State, federal officials to huddle on CTA

April 13, 2004|by DON AINES

CHAMBERSBURG, Pa. - The Chambersburg Transit Authority got a reprieve from the Borough Council Monday night, but its fate will depend on how much the state and federal governments want to put into a recovery plan, council President William McLaughlin said.

The council was to have ratified a resolution to officially opt out of the five-year recovery plan commissioned by the Pennsylvania Department of Transportation. That item was pulled from Monday's agenda after the department and the Federal Transportation Administration requested another meeting this Wednesday with borough and authority officials.

Borough Secretary Tanya Mickey said the request from the state and federal transportation authorities is to discuss future operations, debt repayment, local financial participation and whatever steps will be taken after the system ceases to operate by June 30.


"I think that we sent them a message loud and clear and they didn't like it," McLaughlin said during a break in the meeting. If the council changes its mind, that decision "will be based on the willingness to put some additional money from the federal and state governments into the recovery plan," he said.

"I encourage borough council to wrap its arms around the transit authority for those who are in need of public transportation," said James Jenkins, president of the authority's board of directors. He officially offered his resignation effective June 30 at the meeting.

The council was "disingenuous" to the board and "numerous artificial barriers were placed in our path at every turn," Jenkins said without elaborating.

"What are those numerous artificial barriers the borough set up at every turn?" Councilman John Redding said after Jenkins left. "This council, from day one, has been supportive of CTA," he said.

Borough council members concluded, however, that it will take too much local money to keep the bus line operating and retire its debt over five years. Borough Manager Eric Oyer said recently that a local panel looked at figures and concluded the debt may be as high as $1.2 million.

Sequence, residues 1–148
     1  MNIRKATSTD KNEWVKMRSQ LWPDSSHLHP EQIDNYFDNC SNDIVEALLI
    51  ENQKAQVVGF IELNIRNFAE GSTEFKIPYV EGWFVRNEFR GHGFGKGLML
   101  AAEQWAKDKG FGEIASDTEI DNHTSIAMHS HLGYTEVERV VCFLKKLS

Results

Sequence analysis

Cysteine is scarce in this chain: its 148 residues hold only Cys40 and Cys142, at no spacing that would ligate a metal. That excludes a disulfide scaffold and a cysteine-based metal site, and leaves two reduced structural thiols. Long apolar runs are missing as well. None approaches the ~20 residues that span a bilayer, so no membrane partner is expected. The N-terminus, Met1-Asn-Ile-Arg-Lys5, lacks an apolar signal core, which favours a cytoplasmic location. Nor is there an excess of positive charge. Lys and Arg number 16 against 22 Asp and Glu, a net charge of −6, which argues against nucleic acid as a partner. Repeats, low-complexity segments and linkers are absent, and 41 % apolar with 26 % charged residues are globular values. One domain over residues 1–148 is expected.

The bus system requires local matches from Chambersburg and the other communities served by the system in order to receive state and federal subsidies. Waynesboro, Pa., and Washington Township officials indicated last month they will not participate in the recovery plan if Chambersburg is not involved.

McLaughlin said the municipalities could end up paying $150,000 or more a year to keep the bus line operating. The system serves Chambersburg three days a week and Waynesboro two days each week and carries about 1,000 riders a month.

"Somebody here in Chambersburg wants us gone," said board member Peg Eyer. "I don't know who and I don't know why," she said. Eyer said she will not join other board members in offering to resign, one of the recommendations of the recovery plan.

The mismanagement of the system began before most of the board's current members were in place, Eyer said. Jenkins said board members have contributed their own money to keep the scaled-back system running.

"It can be saved. One nickel, one quarter and one dime at a time," said Eyer, who has been soliciting donations to pay off money owed to local vendors.

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